The Nationals Leader and Member for Murray Plains, Peter Walsh, said the Andrews Labor Government has announced it plans to scrap a grassroots health initiative Daniel Andrews had previously described as a program that does “significant work to help people with chronic illnesses”.
Now Mr Walsh says the Andrews government intends to abolish Victoria’s Primary Care Partnerships (PCPs) after years of uncertainty that hung over the heads of thousands of Victorians involved in the successful health promotion initiative.
Yet, as Health Minister, Andrews claimed PCPs help Victorians avoid hospitalisation “particularly when people and the health agencies can work together on preventative actions and early intervention”.
“The decision to abolish Victoria’s PCPs from April next year comes after funding and service agreements were first set to be cut by the Andrews Labor Government in December 2019, before a ‘stay of execution’ extended the service agreements until June 30 last year,” Mr Walsh said.
“That got a last-gasp funding extension due to their work on COVID-19,” he said.
“PCPs and their 850 partners have been the silent hand that supports the good health and wellbeing of local communities.
“For 21 years they brought together different organisations to co-ordinate crucial programs to improve Victorians’ wellbeing and mental health. Some have taken a leading role in developing cultural awareness training, while others have undertaken in-depth research into depression, anxiety, psychological distress and higher premature mortality rates following the devastating 2009 bushfires.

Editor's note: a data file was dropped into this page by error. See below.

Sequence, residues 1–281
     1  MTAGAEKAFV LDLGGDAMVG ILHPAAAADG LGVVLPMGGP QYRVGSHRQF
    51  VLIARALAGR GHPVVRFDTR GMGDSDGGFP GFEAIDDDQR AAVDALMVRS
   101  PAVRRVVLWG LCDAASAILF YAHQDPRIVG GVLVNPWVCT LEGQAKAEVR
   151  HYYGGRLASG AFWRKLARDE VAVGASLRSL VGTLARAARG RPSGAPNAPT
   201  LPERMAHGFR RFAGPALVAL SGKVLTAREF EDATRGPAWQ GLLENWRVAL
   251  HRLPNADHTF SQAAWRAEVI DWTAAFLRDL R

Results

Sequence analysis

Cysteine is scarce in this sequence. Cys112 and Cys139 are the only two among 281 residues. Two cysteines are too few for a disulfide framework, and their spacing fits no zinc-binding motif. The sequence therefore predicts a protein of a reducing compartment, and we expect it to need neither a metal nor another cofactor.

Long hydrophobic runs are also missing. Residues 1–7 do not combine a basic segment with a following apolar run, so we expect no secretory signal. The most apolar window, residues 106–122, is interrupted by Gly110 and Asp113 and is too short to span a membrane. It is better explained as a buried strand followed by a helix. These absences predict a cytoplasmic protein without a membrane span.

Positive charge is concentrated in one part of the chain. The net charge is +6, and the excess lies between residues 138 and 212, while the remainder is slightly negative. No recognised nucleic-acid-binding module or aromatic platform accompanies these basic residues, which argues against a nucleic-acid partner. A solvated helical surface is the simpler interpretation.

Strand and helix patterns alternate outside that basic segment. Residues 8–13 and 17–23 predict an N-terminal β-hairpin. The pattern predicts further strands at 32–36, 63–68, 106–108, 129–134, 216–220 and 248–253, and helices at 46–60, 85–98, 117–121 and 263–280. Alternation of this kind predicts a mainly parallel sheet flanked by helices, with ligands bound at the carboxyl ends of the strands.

“During the COVID-19 pandemic, PCPs in Gippsland supported the local community access emergency food relief and the Macedon Ranges PCP provided both business support and IT support to connect elderly residents to online COVID-19 information.
“In the south west, the local PCP teamed up with South West Sport, Western Region AFL and Lifeline Direct to deliver online suicide prevention training to key target groups.”
Mr Walsh said Victorian PCPs have done a fantastic job during bushfires, a mental health crisis and COVID-19, and they deserve the respect to secure years of funding, not be subject to more Labor health cuts.
He said with Victorian jobs already lost due to lockdowns and COVID-19 restrictions, he hoped the “hundreds of Victorian health workers who have performed a vital health service for more than two decades will be retained in some form to benefit local communities”.
“In some areas of regional Victoria, PCPs provided the only government funded frontline mental health support available to regional Victorians, who have some of the highest suicide rates in the state,” Mr Walsh added.
“With the future of this lifesaving mental health program now in doubt, and the Andrews Labor Government voting against our plan for counsellors to work as mental health practitioners in schools, the devastating effect of the shadow mental health pandemic will only continue to grow.”